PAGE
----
In the 1860s, cameleers from Afghanistan, Pakistan, India and Iran were brought to
Australia by British colonisers. The cameleers were employed to transport people and supplies by camel through the arid interior of the Continent. Cameleers connected the British colonial outposts of Adelaide, Darwin, Perth, Kalgoorlie, Broken Hill, Alice Springs, Broome and Marree. They serviced these routes from the 1860s until the 1920s. Cameleers were low paid, worked in harsh conditions and were subject to the control of the White Australia Policy.
Although the cameleers were commonly called ‘Afghans’ or ‘Ghans’, they came from several geographical regions, including Pakistan, India, Afghanistan and Iran. The cameleers were generally from low socioeconomic backgrounds and were offered three-year contracts by the British colonisers to work on the Continent. During the 30-year period from the 1860s to the 1890s, the population of cameleers numbered 800 workers.
Along colonial trade routes throughout the Continent, on the fringe of British colonial outposts, the cameleers made camps known as ‘Ghantowns’. An estimated 90% of the cameleers were Muslim and built mosques in the Ghantowns. Most of the Ghantowns were abandoned at the end of the camel industry, and only remnants remain. However, some mosques built by cameleers still operate in
Broken Hill and Adelaide today.
Maree Mosque, constructed as early as 1861, was the first mosque to be built by Muslim cameleer migrants. In 1887, Muslim cameleers built Broken Hill Mosque, also known as Mohammedan Mosque and Afghan Mosque. In 1888, cameleers financed the construction of the continent’s first metropolitan mosque, on Little Gilbert Street in Adelaide. By 1915 this mosque, which had cost the Afghan community around £3,000 to construct, had two high minarets, a garden with fig trees, vineyards and a cottage for visitors. Mosques were central to the Muslim cameleer community. During ramadan, Muslim cameleers throughout the continent would converge at the Adelaide Mosque.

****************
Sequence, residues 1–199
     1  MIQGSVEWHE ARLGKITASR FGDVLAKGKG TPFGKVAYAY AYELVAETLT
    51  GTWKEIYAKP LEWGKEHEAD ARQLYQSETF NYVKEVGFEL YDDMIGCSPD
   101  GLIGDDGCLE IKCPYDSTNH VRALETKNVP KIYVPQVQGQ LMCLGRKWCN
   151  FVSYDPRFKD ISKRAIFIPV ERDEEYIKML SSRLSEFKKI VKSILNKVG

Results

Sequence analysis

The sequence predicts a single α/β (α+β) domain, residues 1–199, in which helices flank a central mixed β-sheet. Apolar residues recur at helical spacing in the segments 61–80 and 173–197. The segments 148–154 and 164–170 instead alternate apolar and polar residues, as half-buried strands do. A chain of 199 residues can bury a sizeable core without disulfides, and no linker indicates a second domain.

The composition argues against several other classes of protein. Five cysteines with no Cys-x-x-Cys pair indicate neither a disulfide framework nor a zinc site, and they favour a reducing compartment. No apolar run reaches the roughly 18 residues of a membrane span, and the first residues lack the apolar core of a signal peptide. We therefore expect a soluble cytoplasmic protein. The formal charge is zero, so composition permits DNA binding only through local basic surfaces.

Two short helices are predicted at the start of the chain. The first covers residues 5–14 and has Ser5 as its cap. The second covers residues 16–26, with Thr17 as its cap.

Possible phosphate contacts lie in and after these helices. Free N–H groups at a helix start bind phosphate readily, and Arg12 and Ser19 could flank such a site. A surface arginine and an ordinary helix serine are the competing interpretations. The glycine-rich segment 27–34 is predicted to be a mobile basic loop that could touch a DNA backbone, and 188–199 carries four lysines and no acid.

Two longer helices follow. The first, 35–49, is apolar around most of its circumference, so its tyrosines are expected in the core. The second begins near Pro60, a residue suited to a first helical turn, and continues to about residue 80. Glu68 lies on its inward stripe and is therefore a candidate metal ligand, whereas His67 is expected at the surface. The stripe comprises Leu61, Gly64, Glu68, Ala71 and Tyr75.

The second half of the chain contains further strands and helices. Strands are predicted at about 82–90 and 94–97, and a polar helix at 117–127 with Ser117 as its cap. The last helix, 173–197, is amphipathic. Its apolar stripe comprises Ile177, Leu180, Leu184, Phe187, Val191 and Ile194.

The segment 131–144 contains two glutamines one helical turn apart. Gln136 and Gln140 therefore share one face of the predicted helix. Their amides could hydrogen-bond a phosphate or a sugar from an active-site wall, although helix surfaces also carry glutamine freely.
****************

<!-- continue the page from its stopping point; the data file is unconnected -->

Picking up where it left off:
The majority of cameleers were single men who made families on the continent by marrying local women. For the most part, they married Aboriginal women and only in a few rare cases married Europeans. due to the White
Australia Policy, colonial state governments made it difficult for cameleers to marry European women. The children of cameleers and Aboriginal women were removed from their families as part of the stolen generation.
In the 1920s, the introduction of motor vehicle and railway transport increased across the continent, leading to the closure of the camel transport industry. The camels were released into the wild, becoming feral pests. This feral population numbers over one million today.
The closure of the cameleer industry occurred during the era of the White
Australia Policy, under which the non-white cameleers were deported to Pakistan, India, Iran and Afghanistan. The cameleers were expected to pay for their own tickets back to their homelands, but many had survived on such a low income that they had no savings to afford their passage. Those cameleers who had Aboriginal families were given the option of remaining on the continent with their families.